South Africa and the failing democracy have caused an embittered outrage at abuse of powers. The direct connection with corruption by people in powerful places infuriated an arms dealer with the constant manipulation and an attempt to defraud his company. The director of New Generation Arms Management (NGAM), Mr. J Erasmus, has initiated criminal charges against several individuals. The direct involvement of people to deceive NGAM of contracts and undermine his business in fulfilling its obligations that can trigger a possible return value of (US) $3 Billion for the next three years.
Mr. Erasmus instituted legal action this week against Vanessa Du Toit, employed as Director Compliance at the National Conventional Arms Control Inspectorate. Previously Du Toit was the Inspector at the Directorate Conventional Arms Control (DCAC).
Mr. Erasmus submitted an affidavit to the legal entities. He stated that Du Toit compiled an affidavit on August 12, 2012, which resulted in the HAWKS (the special unit of the South African Police) to take action against the directors of NGAM. Erasmus claimed that the direct result of this malicious and criminal affidavit caused adverse affects against his company.
Erasmus claimed that Vanessa Du Toit became involved in the investigations of NGAM during March 2012 and stated that there were no brokered deal between NGAM and Armscor (South African leading weapons manufacturer).
NGAM contracted with Armscor to import a Dillon Gun from America to the military department for demonstration purposes, and this weapon is labeled a weapon of mass destruction. The government of South Africa has seized this weapon and its whereabouts are unknown. Du Toit mentioned in her signed affidavit that she had inspected the Dillon gun and issued instructions to expedite the import for demonstration purposes knowing that NGAM had brought the consignment into the country. It appears that Du Toit colluded with colleagues to ignore the NGAM contract and use this weapon into South Africa for selfish gain. In the process of sabotaging the responsibility of NGAM, they committed fraud and obstruction of justice in supplying the authorities with fraudulent/false statements and information.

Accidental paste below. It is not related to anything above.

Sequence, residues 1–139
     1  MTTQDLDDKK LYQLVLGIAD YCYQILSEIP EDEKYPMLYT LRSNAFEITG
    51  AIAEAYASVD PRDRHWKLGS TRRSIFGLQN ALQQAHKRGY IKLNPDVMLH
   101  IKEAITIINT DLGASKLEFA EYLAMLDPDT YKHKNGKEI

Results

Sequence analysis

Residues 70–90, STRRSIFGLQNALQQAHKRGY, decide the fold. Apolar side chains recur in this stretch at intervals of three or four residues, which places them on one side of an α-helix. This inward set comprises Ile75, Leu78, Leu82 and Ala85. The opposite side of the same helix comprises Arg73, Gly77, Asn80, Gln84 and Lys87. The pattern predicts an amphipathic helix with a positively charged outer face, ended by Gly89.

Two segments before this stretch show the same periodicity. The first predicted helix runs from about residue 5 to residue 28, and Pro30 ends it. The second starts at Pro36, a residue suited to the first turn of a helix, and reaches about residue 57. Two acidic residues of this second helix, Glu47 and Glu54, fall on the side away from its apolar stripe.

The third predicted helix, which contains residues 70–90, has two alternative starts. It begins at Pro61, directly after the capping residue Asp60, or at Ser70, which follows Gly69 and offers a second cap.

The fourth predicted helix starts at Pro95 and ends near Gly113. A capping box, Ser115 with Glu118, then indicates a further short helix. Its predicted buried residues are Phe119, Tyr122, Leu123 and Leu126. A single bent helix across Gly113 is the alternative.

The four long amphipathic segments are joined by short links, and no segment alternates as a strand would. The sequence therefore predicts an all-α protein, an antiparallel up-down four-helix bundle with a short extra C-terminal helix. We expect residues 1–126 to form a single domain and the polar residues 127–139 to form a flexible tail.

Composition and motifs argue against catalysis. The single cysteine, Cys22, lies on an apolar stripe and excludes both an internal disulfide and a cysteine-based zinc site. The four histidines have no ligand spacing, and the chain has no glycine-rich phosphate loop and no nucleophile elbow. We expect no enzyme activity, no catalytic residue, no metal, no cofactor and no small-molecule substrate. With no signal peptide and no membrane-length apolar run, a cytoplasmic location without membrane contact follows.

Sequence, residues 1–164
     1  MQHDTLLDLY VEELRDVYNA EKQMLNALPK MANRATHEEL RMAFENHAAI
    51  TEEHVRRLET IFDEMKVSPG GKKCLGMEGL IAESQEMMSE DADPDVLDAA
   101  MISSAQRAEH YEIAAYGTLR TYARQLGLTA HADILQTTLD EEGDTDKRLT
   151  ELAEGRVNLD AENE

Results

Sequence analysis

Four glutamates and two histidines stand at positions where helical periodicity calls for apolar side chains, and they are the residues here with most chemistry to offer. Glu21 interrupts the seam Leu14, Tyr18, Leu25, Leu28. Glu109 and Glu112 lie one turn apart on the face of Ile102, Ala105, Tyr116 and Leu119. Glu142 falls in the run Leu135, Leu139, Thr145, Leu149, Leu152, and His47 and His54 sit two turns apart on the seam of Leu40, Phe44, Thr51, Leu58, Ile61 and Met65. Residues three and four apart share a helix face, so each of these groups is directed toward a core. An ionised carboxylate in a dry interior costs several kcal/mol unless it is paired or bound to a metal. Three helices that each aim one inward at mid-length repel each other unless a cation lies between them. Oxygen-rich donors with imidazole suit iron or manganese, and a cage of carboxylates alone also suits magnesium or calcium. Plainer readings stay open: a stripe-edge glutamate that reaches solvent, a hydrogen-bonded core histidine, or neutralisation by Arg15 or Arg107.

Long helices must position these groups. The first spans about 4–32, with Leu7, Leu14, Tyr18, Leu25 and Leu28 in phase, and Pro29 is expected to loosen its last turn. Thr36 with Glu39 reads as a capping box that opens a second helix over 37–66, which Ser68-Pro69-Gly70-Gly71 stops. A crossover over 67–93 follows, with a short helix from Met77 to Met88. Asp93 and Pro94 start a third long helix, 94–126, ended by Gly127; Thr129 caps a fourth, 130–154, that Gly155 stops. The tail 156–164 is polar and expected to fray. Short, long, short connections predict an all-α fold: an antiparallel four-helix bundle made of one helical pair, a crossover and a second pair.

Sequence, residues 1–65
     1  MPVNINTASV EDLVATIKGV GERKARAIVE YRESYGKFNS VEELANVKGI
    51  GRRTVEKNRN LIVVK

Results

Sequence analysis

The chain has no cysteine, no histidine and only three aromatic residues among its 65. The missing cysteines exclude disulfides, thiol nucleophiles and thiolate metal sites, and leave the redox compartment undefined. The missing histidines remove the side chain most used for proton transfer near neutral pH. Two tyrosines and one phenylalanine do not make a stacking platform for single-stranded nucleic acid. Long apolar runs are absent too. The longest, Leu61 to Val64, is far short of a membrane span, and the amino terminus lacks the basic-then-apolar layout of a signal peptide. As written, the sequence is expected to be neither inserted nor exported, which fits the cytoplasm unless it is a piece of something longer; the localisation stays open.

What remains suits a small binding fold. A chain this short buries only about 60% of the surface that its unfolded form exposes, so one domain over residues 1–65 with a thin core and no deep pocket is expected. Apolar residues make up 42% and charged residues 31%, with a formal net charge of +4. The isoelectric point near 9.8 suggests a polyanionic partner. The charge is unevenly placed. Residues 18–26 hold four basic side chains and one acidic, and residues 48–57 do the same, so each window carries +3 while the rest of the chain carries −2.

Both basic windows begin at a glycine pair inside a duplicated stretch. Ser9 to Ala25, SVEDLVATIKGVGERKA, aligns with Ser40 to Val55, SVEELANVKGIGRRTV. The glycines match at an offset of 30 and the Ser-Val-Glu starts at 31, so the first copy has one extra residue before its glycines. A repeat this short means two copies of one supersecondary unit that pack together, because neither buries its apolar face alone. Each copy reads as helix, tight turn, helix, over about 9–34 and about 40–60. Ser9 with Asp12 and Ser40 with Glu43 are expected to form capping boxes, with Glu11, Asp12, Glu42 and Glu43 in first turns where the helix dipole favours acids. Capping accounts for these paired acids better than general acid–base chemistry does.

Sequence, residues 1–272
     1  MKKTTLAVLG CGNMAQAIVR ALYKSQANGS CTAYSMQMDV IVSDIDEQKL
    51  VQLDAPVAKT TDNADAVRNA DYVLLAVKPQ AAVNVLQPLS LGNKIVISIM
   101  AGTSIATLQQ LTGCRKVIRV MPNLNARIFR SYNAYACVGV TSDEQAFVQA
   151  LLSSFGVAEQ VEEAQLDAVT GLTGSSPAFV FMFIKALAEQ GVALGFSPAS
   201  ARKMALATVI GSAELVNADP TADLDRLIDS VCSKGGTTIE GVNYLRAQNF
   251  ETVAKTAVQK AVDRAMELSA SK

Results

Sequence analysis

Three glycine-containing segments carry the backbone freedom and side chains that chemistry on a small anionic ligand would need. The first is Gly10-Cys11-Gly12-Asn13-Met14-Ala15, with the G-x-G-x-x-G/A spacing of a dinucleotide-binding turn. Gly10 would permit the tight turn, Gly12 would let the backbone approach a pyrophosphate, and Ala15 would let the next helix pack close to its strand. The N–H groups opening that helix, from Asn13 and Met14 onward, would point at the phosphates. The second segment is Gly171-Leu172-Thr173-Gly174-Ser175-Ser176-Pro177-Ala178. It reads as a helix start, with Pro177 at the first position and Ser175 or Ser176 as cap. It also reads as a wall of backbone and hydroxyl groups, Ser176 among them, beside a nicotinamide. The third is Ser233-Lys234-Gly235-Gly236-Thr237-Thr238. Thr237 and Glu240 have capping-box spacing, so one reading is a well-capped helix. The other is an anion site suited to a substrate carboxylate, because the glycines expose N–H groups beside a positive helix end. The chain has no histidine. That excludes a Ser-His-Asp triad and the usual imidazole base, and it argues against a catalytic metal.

It was obvious that Du Toit took drastic measures to deny that the order was not part of an Armscor contract, and in direct contrast to the request of Special Forces expressing the desire for a demonstration of this weapon. Erasmus is in receipt of all the required documentation from Armscor and Special Forces regarding this import.
The whereabouts of the Dillon gun remains unknown to NGAM, although it is suspected that Denel (South African Armaments Company) are in cahoots with the disappearance. It is alleged that the weapon is being used in reverse engineering, a process of dismantling the equipment with the purpose of making a copy.
Depending on the South African Police to investigate this illegal activity remains a constant outrage for Erasmus. The intricate tangle between the military departments of South Africa proves to be difficult to disentangle with the vast amount of people connected to a web of corruption. From top government positions to the security guard, there is always someone looking after the interests of this lucrative trade. People like Vanessa Du Toit, who is part of the corrupt sector, do little to justify the democracy of South Africa.
The young democracy of South Africa is failing at an alarming rate, and the embittered arms dealer remains outraged at the continuous abuse by the military departments. The corruption soars out of control. Influential people placed in prominent positions have a direct impact on the upward trend of corruption. As the continued fraud continues to escalate, the people involved become so tightly bound in a maze of lies that it is almost impossible to identify the truth.
Editorial By Laura Oneale